We adjourned for refreshments at 8:00 pm and began watching A Convenient Truth: Urban Solutions from Curatiba Brazil. It told the story of how a land-locked city in Brazil took a pro-active design approach to traffic, trash/recycling, housing, poverty and parks as its population swelled to 2 million people. (A 15-minute online talk by Curatiba's three-time Mayor, Jaime Lerner, also touches on some of the points in the video).

For traffic, the Mayor declared major areas of the inner city car-free zones. Shop keepers threatened to sue, but when the changes took effect, increased pedestrian traffic improved business so much that neighboring areas petitioned to become car-free, too. To get people into and out of the city, planners used dedicated bus lanes and one-way streets to move people rapidly through the city. To keep the articulated buses moving, architects designed shelters where people bought fares before boarding. These were elevated, with wheelchair access, so the buses would not need to lower special ramps for handicapped passengers. The result: a transit system as efficient as a subway for less than 1/100 the price.

Trash/recycling improvements began when planners noticed that the poor were dumping their trash in their own neighborhoods. They could not afford city services. So the city began buying bags of trash from them in exchange for bus tokens (the buses were paid by the mile, not by the rider, so it cost the city no money and greatly improved the mobility of the poor). Very quickly, the poor neighborhoods spruced up. When planners pushed for city-wide recycling, they had no budget and everybody said that Brazilians would never recycle. So they came up with a "trash that isn't trash" publicity campaign for the schools and painted the slogan on the side of the collection trucks. Volunteer labor built the sorting facility on city land. The volunteers, many of them poor and illiterate, were "paid" in bus tokens and literacy and job training. Within a year (this was 1988), Curitiba had become the first major city where everybody recycled.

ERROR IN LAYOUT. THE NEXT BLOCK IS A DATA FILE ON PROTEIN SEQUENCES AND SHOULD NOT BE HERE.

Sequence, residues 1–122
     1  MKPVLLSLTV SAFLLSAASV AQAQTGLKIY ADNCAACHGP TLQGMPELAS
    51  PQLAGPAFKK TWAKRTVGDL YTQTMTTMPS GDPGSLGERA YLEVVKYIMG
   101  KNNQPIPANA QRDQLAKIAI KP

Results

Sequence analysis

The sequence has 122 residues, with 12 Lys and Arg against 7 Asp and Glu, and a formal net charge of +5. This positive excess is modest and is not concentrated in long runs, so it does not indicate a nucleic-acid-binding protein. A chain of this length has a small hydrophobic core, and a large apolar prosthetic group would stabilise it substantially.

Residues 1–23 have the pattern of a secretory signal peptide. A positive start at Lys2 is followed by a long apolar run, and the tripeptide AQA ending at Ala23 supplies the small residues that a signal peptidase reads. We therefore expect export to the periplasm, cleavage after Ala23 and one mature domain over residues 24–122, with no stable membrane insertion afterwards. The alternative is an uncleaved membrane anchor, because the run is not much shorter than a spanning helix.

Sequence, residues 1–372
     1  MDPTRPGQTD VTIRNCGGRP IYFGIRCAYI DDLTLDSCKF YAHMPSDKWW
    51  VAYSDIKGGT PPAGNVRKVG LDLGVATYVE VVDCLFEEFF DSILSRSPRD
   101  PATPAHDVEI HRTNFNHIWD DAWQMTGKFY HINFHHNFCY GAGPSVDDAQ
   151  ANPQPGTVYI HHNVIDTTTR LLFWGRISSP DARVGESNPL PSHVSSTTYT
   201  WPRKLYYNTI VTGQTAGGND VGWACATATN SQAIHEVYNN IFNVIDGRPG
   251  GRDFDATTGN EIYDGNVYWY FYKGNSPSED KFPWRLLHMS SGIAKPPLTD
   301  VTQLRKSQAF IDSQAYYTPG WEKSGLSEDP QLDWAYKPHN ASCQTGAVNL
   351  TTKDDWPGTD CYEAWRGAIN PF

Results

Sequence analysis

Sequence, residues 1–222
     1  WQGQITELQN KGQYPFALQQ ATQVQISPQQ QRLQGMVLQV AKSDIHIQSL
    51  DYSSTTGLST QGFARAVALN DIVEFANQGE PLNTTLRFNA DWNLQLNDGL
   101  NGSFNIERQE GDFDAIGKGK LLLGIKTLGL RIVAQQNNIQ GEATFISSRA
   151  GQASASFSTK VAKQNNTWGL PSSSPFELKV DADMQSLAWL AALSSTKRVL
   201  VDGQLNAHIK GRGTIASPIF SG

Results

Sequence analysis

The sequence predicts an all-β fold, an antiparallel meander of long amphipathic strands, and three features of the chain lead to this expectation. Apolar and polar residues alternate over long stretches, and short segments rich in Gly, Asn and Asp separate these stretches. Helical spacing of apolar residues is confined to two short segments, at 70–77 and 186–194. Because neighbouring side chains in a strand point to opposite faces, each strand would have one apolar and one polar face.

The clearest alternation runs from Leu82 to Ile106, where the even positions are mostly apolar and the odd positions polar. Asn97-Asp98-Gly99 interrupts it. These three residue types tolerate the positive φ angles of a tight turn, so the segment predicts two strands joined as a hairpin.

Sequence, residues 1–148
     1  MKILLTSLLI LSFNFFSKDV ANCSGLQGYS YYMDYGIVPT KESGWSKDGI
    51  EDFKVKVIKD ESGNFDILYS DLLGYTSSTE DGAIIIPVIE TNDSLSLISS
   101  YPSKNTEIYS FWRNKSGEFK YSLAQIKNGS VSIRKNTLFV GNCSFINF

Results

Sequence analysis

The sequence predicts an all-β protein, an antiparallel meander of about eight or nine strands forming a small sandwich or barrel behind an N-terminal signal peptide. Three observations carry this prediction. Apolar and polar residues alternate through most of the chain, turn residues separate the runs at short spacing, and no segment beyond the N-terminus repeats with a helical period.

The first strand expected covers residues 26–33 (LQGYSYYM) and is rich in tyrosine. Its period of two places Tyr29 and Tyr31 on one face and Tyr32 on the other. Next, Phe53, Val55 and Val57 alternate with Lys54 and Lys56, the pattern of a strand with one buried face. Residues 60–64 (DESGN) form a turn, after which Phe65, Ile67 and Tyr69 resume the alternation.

Rather than build uniformly depressing low-income housing at the outskirts of the city, Curitiba chose to develop compact, visually varied mixed-use villages along the major transportation and utility corridors. There people rent-to-own apartments directly above their own businesses (the application process and fees include entrepreneurship classes).

Curitiba faced the threat of flooding from thin rivers that ran through it. Rather than channelize these with concrete structures as so many other cities have done, the Brazilians took a far less expensive approach: they bought out and relocated the people living in the flood zones. Then they built parks that would act as flood basins, using such sustainable maintenance techniques as grazing sheep to keep the grass trimmed.

At this point (perhaps 5 minutes before the end), the DVD froze up, so we called it a night. But it was very inspiring to see how even a huge city chose not to roll over for the blind pressures of growth, traffic and economic swings. In each case, creative thinking and a refusal to give up led to greater abundance, humanity and security for everyone in Curitiba.